YouTube and Apple are launching streaming services. Where does that leave Spotify?

By Erin Griffith , written on March 12, 2013

From The News Desk

Earlier this month we learned Google is working on a music streaming service around YouTube. That came on the heels of reports that Apple was building iRadio, a Pandora-like streaming service. And beyond that, Amazon's cloud player streaming service has been around for two years now, although it doesn't offer all-you-can-eat listening.

They waited for Spotify and Pandora to get big enough to be meaningful. Now with 24 million active users for Spotify, 6 million of which pay to subscribe, and 67 million for Pandora, they're diving in. This reminds me of the time a few years back when, just after Foursquare beat Loopt, Gowalla, and SCVNGR in the check-in wars, Facebook announced it was launching check-ins.

That day was one of the toughest CEO Dennis Crowley experienced at the company, he said at PandoMonthly last fall. He stood up at the company's 36 Cooper Square offices and demanded his team to stop reading TechCrunch. "The only way we are going to beat these guys is if we stop reading blogs and just build the stuff that we want to build," he said. He explained that Foursquare was the only company that was 100 percent focused on building a the best possible check-in service. Facebook and Google Places could only Frankenstein together a lesser version of it.

I have to wonder if Daniel Ek has done the same thing over the last month with news of Apple's iRadio and Google's YouTube service. Granted, Spotify is further along than Foursquare was when the 800-lb social media gorilla in the room decided to compete. But Spotify doesn't have a mobile operating system, and Apple and Google do. Their entrance into the market could mean a different kind of competition.

Asked about that competition today at SXSW, Ek said he's paying close attention to his competition. "We're obviously watching what everyone's doing," he said. "Music is something that is so inherently important to people, so it makes sense for all these gigantic companies to want to be there."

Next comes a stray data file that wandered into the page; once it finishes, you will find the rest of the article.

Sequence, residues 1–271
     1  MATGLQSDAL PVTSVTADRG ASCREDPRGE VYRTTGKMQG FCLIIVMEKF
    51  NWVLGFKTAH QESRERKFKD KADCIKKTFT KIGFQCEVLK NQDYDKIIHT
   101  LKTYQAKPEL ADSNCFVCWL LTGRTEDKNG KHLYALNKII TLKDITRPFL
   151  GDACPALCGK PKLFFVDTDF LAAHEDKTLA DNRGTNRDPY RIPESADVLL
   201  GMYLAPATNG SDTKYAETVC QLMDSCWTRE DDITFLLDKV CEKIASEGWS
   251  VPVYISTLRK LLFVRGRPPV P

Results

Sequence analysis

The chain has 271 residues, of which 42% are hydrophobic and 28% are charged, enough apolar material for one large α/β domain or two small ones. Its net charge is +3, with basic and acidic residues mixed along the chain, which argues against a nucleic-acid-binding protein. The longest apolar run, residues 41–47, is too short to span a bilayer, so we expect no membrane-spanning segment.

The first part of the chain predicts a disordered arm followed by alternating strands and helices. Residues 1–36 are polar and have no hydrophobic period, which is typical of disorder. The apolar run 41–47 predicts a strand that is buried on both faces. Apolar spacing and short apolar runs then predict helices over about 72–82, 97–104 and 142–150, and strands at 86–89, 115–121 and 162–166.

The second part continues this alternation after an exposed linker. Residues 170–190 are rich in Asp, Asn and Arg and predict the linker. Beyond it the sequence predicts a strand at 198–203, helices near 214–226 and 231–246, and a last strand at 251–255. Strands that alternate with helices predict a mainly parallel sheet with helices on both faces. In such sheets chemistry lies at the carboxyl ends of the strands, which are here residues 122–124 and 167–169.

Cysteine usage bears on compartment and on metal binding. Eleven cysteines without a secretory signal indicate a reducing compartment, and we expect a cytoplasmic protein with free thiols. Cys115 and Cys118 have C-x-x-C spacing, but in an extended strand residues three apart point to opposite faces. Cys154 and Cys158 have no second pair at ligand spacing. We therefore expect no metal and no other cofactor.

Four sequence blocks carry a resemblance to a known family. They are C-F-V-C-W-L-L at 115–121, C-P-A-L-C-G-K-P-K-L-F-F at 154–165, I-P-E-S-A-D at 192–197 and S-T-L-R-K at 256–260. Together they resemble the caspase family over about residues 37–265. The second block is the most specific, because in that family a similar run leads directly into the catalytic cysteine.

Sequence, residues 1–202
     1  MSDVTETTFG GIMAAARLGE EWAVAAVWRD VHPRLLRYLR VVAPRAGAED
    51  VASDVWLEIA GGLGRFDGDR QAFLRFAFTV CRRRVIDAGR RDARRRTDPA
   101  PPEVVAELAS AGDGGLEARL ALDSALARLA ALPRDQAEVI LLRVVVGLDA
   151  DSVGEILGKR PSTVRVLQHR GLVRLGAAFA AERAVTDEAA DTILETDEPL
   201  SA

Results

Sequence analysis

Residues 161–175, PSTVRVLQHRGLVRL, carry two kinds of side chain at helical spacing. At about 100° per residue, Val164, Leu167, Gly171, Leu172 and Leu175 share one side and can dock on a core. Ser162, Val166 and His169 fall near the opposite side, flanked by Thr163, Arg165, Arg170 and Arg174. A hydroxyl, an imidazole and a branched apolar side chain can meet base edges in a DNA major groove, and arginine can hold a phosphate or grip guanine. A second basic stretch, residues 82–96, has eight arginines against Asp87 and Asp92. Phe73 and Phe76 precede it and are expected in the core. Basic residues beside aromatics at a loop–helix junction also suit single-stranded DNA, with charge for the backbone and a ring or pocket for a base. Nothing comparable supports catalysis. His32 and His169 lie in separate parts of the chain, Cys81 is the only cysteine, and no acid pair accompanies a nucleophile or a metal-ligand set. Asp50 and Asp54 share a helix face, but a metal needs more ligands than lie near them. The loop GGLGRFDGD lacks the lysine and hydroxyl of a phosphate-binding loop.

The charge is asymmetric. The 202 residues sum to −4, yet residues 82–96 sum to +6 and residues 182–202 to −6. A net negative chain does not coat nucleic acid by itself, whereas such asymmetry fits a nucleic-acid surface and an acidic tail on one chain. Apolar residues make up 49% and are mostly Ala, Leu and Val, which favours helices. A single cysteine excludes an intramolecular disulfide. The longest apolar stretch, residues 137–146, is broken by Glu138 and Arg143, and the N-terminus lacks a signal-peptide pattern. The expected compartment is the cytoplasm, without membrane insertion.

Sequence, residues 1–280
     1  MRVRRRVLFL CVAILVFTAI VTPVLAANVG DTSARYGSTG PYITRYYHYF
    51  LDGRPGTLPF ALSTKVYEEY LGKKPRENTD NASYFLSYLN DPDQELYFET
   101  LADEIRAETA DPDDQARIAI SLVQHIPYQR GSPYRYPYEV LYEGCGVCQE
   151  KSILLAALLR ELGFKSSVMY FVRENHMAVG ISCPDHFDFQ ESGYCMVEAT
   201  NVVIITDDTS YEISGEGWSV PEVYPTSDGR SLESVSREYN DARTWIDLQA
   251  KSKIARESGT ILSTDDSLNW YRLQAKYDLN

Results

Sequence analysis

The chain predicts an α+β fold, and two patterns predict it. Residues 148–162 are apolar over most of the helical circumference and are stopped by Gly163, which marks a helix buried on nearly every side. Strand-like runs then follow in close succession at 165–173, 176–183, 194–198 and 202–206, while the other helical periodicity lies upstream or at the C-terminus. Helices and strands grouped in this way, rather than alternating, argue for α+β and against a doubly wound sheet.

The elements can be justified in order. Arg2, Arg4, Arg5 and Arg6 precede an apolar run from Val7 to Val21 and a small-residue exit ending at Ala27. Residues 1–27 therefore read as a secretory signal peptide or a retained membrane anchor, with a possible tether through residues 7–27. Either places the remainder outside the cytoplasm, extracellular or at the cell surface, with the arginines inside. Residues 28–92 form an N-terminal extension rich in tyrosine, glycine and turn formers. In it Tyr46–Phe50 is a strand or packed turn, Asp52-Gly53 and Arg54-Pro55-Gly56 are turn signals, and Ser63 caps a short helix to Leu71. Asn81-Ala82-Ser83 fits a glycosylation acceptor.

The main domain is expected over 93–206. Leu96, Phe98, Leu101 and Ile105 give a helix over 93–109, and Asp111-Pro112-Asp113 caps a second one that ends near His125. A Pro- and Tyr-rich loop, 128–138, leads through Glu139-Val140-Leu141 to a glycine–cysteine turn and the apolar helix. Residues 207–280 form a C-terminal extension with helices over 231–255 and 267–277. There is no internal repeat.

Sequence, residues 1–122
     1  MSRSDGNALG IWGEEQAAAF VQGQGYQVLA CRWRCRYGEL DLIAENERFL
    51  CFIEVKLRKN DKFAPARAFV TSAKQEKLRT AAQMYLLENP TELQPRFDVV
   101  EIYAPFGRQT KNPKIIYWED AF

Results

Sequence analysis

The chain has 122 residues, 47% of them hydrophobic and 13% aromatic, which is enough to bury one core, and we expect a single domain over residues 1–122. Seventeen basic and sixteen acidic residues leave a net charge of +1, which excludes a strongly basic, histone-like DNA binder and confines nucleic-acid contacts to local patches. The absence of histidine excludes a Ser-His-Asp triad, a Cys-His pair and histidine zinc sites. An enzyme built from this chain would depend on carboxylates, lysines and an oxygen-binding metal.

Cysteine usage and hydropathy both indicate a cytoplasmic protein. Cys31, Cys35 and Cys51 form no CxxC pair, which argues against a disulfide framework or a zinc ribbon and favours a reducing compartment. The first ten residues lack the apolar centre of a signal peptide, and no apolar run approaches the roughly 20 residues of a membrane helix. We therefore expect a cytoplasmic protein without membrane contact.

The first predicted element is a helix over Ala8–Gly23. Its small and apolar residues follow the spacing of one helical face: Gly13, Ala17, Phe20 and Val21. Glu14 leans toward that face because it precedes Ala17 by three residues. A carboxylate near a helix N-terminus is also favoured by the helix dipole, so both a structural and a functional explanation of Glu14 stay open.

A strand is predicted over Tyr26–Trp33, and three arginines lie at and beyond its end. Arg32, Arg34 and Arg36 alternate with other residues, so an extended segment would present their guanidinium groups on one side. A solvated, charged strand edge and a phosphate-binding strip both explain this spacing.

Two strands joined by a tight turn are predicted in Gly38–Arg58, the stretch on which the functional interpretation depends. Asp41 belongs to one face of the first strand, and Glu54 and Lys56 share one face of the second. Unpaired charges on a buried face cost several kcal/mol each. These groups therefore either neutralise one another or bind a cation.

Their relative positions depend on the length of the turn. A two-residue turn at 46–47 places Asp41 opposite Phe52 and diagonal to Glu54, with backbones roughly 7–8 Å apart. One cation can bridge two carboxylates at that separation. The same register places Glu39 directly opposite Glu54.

He noted that, while it took Spotify two and a half laborious years to secure its licensing deals with the record labels, the trail has now been blazed. "We validated the market, so it doesn't take a new entrant two and a half years to get the same deals," he said. But Spotify learned a lot of valuable lessons in that journey that Google and Apple haven't faced.

Ek echoed Crowley's argument that Spotify will win because it is solely focused on music. "Unlike everyone else you might read about like Google and Apple -- they have tons of businesses that they want to be in," he said. "For us that's our business, we don't have anything else. We wake up in the morning and think, 'How can we get more music out to people and get people to listen to even better music and help them find new music?'"

"We wake up, eat, sleep thinking about this, and these bigger companies don't," he said.

Ek noted that Apple and Amazon face the Innovator's Dilemma with a streaming service. Apple has something like $3 billion in iTunes sales and does not know whether a streaming service would cannibalize that income. It's the same reason HBO can't offer only HBO GO as a digital-only subscription. It would jeopardize their whole business for something that's incredibly young and untested. Ek sees these businesses entering digital in a slow-and-steady pace, rather than in a fast-moving disruptive way. A perfect example -- Apple has already hit snags in negotiations over the prices it will pay to stream music via iRadio.

Beyond that, content is not a winner-takes-all game, Ek said. The world of digital content won't be controlled by Apple or Google alone. "There will be companies that are great at music like Spotify, or great at film like Netflix, or great at games like EA," he said.

[Image of Spotify House at SXSW via Billboard]